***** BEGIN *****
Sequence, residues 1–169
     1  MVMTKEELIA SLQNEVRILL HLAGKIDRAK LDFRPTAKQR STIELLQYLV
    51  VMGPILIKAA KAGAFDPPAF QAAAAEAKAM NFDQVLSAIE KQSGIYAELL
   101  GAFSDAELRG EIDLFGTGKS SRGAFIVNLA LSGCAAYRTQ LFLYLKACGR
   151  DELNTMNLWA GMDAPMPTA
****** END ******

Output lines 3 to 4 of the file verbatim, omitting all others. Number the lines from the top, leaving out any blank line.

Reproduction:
    51  VMGPILIKAA KAGAFDPPAF QAAAAEAKAM NFDQVLSAIE KQSGIYAELL
   101  GAFSDAELRG EIDLFGTGKS SRGAFIVNLA LSGCAAYRTQ LFLYLKACGR